Uncontested Divorce in Georgia | How to Get – 2024 Guide

An uncontested divorce is when both parties decide to get a divorce without any disagreements on marital issues. This includes matters related to child support, property division, child custody, alimony, and others. The couple decides that they don’t want to live together anymore and no longer wish to stay married. They sign legal papers that approve of their decisions acknowledging requesting to be made single again.

In this scenario, the judge does not play any role in settling arguments between the married couple. The judge is not needed because there are no issues to resolve since they have settled matters themselves. The judge’s role is to review and, if fair and just, approve of their decision making it legal. Before the judge approves of the divorce, the couple must meet the required conditions.

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Residency Requirements

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The first requirement is residency. In Georgia, laws apply when one of the spouses has lived in the state for at least six months before the petition is filed. If the spouse filing for the divorce is a non-resident, their partner must meet the residency requirement.

In Georgia, the person filing for divorce is called the petitioner, and the person responding is called the respondent.

Grounds for Divorce

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The second requirement is that you must state a ground (legal reason) for your divorce. Georgia provides both fault grounds or no-fault grounds.

Fault grounds imply that the respondent has done something wrong against the petitioner. Therefore, all fault-based grounds must be proven in court.

The fault grounds include:

  • Alcoholism and/or drug addiction
  • Impotence
  • Conviction and imprisonment exceeding two years for an offense which involves moral turpitude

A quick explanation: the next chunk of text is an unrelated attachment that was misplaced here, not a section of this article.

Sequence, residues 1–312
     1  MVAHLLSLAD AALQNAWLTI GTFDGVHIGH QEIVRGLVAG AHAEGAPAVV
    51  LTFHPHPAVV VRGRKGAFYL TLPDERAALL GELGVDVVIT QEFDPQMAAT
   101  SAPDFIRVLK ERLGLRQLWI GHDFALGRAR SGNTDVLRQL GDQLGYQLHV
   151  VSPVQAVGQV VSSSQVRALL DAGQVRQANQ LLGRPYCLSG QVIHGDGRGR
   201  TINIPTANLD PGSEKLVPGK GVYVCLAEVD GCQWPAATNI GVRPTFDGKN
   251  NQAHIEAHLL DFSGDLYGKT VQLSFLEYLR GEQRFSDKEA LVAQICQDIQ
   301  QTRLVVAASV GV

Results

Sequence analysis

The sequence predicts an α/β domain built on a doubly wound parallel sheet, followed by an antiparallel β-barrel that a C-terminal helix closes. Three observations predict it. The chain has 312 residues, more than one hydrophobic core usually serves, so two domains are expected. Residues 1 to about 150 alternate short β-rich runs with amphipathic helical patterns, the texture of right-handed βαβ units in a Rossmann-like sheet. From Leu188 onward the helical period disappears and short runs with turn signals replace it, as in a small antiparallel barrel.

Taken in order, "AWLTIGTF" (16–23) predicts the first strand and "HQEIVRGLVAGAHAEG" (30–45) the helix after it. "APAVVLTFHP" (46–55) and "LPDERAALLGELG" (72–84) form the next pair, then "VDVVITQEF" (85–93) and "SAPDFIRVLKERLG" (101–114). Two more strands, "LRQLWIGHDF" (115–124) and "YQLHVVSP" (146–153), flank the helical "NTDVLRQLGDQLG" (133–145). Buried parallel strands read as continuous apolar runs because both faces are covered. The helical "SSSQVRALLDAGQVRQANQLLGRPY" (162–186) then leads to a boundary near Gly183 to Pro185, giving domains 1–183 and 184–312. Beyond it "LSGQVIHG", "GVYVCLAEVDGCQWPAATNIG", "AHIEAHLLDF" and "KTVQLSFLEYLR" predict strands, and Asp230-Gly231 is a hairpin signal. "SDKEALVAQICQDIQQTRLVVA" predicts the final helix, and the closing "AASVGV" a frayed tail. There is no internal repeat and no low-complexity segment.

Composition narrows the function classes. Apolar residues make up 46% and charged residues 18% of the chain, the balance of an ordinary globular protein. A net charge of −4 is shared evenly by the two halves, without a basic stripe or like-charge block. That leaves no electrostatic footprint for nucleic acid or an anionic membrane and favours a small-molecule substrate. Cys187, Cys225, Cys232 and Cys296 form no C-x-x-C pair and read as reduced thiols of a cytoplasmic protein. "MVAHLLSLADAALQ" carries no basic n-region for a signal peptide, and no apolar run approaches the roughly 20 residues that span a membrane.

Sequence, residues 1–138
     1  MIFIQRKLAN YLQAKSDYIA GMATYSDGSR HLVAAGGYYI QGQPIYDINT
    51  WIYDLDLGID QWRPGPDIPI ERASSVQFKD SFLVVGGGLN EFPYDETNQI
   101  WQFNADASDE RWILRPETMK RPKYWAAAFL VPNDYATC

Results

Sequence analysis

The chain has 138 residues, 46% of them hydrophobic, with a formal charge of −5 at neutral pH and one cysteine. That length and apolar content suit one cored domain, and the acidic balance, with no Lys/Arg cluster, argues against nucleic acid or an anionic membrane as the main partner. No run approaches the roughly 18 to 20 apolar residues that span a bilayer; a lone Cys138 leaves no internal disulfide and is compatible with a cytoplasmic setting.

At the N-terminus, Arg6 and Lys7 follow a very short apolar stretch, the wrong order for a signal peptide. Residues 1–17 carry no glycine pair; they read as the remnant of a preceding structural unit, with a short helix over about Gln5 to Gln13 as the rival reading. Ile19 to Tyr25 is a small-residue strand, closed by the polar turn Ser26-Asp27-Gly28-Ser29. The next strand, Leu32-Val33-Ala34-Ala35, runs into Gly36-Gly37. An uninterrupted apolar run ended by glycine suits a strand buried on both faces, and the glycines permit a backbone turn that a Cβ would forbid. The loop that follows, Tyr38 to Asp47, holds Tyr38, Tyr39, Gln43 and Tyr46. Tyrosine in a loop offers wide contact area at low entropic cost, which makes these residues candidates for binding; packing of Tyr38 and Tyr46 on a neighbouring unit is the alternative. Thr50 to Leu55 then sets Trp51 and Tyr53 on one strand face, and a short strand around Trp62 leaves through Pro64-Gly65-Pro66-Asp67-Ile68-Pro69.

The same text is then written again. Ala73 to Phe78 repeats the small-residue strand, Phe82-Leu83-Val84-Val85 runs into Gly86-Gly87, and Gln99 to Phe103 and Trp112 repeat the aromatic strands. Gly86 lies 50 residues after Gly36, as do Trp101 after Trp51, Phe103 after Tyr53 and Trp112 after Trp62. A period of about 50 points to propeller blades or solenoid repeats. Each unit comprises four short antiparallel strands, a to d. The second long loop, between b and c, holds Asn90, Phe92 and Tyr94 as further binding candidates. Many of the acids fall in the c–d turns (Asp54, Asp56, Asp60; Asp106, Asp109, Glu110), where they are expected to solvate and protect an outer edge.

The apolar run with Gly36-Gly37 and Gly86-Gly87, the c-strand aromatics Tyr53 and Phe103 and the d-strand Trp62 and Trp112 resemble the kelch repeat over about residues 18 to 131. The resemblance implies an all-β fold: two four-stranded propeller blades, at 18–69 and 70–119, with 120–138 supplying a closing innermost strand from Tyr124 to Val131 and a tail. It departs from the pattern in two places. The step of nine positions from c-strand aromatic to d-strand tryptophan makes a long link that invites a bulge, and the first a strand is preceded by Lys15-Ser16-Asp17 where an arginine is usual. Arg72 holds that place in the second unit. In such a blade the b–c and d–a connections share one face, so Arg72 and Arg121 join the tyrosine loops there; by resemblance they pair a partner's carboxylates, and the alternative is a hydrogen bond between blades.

• Adultery
  • Incest
  • Habitual Intoxication
  • Cruel or inhuman treatment
  • Incurable mental illness
  • Mental incapacity during the marriage
  • Desertion
  • Use of fraud, duress, or force in obtaining the marriage
  • Wife getting pregnant by another man at the time of marriage, unknown to the husband

No-fault grounds imply a mutual agreement, and neither spouse is blaming the other for the marriage’s dissolution. That means nothing has to be proven in court, and the process can continue.

The only no-fault ground in Georgia is the irretrievable breakdown of the marriage. Using “the marriage is irretrievably broken” is the easiest ground. In this situation, the respondent does not have any motive to oppose the decision of the petitioner.

However, one thing to note is that even if you avoid court hearings, there are still additional steps that need to be taken before a divorce is finalized.

How Can One File for Uncontested Divorce in Georgia?

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A person has the right to represent themself in court. You can have a do-it-yourself (DIY) Divorce, meaning you don’t need a lawyer to help you in the process. This can be risky when you don’t have enough information about your spouse, but this does not mean it is impossible.

People choose to have an uncontested divorce because it allows you to avoid a trial and, in many cases, get through it without needing legal assistance or with limited legal help. The lawyer’s role can be simply to educate both parties or assist with the paperwork.

As an alternative to an expensive attorney, many spouses opt to use online services for paperwork preparation one of which is divorceonlinegeorgia.com. It is a much less costly option but still just effective.

If you want to file for an uncontested divorce in the state of Georgia, there are many steps for you to follow—starting with collecting and filling out the proper forms.

These forms include:

  • A Disclosure Statement. It identifies the parties involved in the process.
  • A Domestic Relations Case Filing Information Form. It identifies the type of court case.
  • Report of Divorce. It shows the state or form of the marriage.